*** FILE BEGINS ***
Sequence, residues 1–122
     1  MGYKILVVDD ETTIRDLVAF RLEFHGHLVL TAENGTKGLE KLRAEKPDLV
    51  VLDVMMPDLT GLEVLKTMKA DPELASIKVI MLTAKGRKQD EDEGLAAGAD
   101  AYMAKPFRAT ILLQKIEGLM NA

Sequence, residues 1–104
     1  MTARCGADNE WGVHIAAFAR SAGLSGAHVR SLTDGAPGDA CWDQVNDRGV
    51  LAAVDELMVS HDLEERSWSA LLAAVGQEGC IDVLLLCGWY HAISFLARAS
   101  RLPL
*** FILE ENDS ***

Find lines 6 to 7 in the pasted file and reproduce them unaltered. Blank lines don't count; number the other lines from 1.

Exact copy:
     1  MTARCGADNE WGVHIAAFAR SAGLSGAHVR SLTDGAPGDA CWDQVNDRGV
    51  LAAVDELMVS HDLEERSWSA LLAAVGQEGC IDVLLLCGWY HAISFLARAS